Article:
The Top 5 Programming Languages of 2018 for Software Excellence

Spring 2018 is already here, and with the year flying by (like it always does), it’s time for a bit of a pause and a status check. At the heart of our world of technology is the underlying programming language. It follows, that if you want to stand out from the crowd and develop cutting-edge software, you must keep pace with new and upcoming languages. Although mainstream languages like Java, C, C++, and Python continue to be among the most popular in the software industry, emerging languages are just as (or sometimes more) capable of delivering great outcomes.

Emerging Languages of 2018:

Software development is one of the most dynamic industries out there. Languages, frameworks, and technologies arise, become popular, and then die an inglorious death. Developers have to constantly learn new skills (and languages) to outperform the competition. That’s why this collation of the top 5 emerging and influential languages for 2018!

If you’re an aspiring product developer, this is a good insight into what’s trending; if you’re an experienced hand, here is your chance to unlearn/re-learn.

  1. Elixir: First appeared 7 years ago in 2011, Elixir is a dynamic, functional programming language designed to build distributed, scalable, fault-tolerant applications. Used by companies like Pinterest, Elixir helps in creating high-availability, low-latency systems. It boosts performance by running on the Erlang VM.
    Since the Elixir code runs inside lightweight processes, thousands of processes can run concurrently in the same machine. This offers substantial horizontal and vertical scaling. What works for Elixir is its high-scalability, high-extensibility, fault-tolerant nature, its functional programming capability, the fact that it is Erlang compatible, and part of a growing ecosystem.
  2. Swift: Debuted first in 2014, Swift is a powerful, intuitive, general-purpose programming language developed by Apple Inc. for iOS, macOS, watchOS, and tvOS. Being a multi-paradigm, compiled programming language, Swift serves as a good replacement for the Objective-C language for OSX and iOS development. Used by companies like Uber and Airbnb, Swift is new-programmer friendly and ideal for developing robust and lightning-fast applications – a must in today’s fast-paced world. What works for Swift is its modern, forward-thinking nature, its easy and fun-to-use Playgrounds, its security features, Objective-C interoperability, its fast and powerful performance, and the fact that it is open-source.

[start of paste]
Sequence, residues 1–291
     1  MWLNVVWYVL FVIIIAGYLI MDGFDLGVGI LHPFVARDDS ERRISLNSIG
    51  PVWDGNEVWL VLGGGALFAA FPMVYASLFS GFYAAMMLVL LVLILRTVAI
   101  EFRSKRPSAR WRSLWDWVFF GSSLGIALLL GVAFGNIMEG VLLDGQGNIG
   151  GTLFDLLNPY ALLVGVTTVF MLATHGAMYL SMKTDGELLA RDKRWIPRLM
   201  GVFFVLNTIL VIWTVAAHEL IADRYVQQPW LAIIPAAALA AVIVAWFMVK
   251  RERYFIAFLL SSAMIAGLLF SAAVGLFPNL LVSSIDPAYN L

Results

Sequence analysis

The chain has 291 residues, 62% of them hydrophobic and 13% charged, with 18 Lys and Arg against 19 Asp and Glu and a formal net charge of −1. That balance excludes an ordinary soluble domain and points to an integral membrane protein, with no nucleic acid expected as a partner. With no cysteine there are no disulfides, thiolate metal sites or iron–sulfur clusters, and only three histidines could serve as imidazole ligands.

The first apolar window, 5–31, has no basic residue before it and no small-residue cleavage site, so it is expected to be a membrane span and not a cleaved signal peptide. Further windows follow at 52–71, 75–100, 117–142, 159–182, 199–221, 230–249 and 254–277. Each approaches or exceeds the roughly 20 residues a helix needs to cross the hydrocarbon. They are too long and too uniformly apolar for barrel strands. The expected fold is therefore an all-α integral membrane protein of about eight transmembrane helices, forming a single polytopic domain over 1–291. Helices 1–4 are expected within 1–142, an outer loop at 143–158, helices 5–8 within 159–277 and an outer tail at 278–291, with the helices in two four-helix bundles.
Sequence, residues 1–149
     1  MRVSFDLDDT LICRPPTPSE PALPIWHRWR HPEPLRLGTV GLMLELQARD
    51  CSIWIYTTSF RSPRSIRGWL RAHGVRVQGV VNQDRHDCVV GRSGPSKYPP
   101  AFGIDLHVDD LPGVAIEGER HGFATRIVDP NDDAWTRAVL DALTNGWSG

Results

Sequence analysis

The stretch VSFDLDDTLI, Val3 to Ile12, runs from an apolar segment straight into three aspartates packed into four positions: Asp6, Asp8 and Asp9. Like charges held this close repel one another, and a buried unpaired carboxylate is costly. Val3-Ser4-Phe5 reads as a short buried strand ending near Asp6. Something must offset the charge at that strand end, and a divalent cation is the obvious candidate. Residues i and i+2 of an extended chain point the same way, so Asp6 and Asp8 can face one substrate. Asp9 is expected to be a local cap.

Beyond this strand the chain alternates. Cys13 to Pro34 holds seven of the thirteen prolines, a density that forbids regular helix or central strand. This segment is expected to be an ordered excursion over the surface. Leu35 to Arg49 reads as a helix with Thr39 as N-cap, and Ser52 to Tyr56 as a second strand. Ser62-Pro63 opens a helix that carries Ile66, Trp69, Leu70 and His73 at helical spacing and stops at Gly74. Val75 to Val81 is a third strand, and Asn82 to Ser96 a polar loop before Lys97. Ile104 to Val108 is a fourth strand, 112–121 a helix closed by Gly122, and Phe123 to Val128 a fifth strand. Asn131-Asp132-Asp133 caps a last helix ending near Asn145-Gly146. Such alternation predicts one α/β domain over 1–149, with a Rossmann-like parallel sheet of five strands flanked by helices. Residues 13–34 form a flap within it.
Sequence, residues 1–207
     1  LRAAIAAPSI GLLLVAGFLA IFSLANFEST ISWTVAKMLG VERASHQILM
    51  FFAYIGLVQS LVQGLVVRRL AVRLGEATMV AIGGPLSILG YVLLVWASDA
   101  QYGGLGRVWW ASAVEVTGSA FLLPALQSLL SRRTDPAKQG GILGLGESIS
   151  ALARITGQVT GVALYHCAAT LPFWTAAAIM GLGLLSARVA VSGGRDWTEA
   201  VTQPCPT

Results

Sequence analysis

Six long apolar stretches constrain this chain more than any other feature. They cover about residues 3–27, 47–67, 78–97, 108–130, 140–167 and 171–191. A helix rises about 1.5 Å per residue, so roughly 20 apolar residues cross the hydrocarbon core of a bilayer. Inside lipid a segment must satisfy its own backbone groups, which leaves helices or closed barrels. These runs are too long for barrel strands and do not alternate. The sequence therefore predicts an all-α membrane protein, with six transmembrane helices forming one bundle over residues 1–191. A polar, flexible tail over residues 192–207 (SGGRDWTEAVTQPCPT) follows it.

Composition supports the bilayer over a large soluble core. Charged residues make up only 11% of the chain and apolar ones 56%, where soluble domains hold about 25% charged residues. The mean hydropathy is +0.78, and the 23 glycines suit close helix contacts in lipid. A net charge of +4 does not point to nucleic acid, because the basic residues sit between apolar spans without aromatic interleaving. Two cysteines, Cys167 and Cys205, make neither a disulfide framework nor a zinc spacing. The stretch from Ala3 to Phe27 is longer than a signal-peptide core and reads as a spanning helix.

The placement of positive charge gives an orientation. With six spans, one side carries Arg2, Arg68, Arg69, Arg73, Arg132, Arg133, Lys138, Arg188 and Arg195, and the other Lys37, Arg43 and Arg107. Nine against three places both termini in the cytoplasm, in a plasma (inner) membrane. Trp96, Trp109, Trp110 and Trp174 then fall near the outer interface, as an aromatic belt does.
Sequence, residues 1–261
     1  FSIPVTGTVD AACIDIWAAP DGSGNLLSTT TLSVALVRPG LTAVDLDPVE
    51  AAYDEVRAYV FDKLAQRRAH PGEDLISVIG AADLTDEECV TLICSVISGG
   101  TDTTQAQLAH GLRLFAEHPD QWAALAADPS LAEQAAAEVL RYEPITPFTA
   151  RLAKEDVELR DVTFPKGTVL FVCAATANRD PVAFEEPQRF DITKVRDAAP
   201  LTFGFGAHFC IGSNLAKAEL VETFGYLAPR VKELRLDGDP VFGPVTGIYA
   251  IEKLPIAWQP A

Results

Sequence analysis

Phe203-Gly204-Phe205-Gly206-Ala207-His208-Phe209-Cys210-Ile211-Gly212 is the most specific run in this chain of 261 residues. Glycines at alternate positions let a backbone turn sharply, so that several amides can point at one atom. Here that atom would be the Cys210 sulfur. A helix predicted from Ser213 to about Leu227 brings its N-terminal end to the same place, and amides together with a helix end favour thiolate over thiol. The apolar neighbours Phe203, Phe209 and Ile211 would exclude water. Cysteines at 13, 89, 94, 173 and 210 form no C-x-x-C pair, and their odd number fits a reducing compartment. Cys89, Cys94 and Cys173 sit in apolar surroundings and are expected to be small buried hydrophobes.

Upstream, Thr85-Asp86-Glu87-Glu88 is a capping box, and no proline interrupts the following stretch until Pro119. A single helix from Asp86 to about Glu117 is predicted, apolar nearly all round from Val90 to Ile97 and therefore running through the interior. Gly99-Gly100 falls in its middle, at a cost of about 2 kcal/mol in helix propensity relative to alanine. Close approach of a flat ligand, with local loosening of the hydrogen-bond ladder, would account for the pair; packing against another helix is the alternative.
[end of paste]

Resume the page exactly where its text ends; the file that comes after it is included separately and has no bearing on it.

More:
3. Haskell: First released in 1990, Haskell is a standardized, general-purpose functional programming language that ensures excellent software performance. Haskell uses two popular systems:
    1. the built-in type system determines the type of every expression at compile time – reducing the possibility of bugs and ensuring code optimization, and
    2. the lazy evaluation system which delays the evaluation of expressions until its value is needed – avoiding repeated evaluations and reducing run time.

    Being used by companies like Facebook, Haskell is ideal for applications that need to be highly modifiable and maintainable. What works for Haskell is its expressive syntax, its clean code, shorter lead-times, higher reliability, code re-use features, powerful abstractions, and built-in memory management.

  4. Scala: Scala, which first appeared in 2004, is the perfect combination of an object-oriented and functional language, offering you the best of both worlds. Since Scala runs on the Java Virtual Machine, it provides language interoperability with Java; it allows you to use Interact seamlessly with Java libraries and also overcomes many of the challenges associated with Java. Just like Haskell, Scala also uses the same type interface, and hence reduces the possibility of logic errors. The simple and straightforward syntax and highly functional code make development entertaining and fun. What works for Scala is its code reuse feature, high flexibility and extensibility, and built-in class hierarchies.
  5. Go: Google Go, appeared first in 2009, is a compiled, open-source programming language ideal for building simple, reliable, and efficient software. Used by companies like BBC, Go offers immense speed, and is easy to deploy – you can cross-compile your applications, and easily run your original code on multiple machines. Since there are no complex abstractions or clever metaprogramming in Go, it makes it easier for new programmers to learn and excel at development. What works for Go is its simplicity, scalability, its straightforward syntax, its code optimization and error-checking feature.

Surge Ahead

This is, of course, not an exhaustive list. The world of software development is blessed with an undying energy and new technologies and languages, all with their own virtues appear each day. Languages like Elm, Rust, and Kotlin could easily find mention in a list like this put up by someone else. Working in software development requires you to always keep pace with technological innovations and to hone your skills with the ever-changing technology landscape. As demands grow, and projects get bigger and more complex, innovation in programming languages becomes key. Staying abreast of new and upcoming languages is crucial to developing bug-free software faster and smarter. Leveraging these (re)emerging programming languages will help you surge ahead in our competitive industry! You can thank us later.


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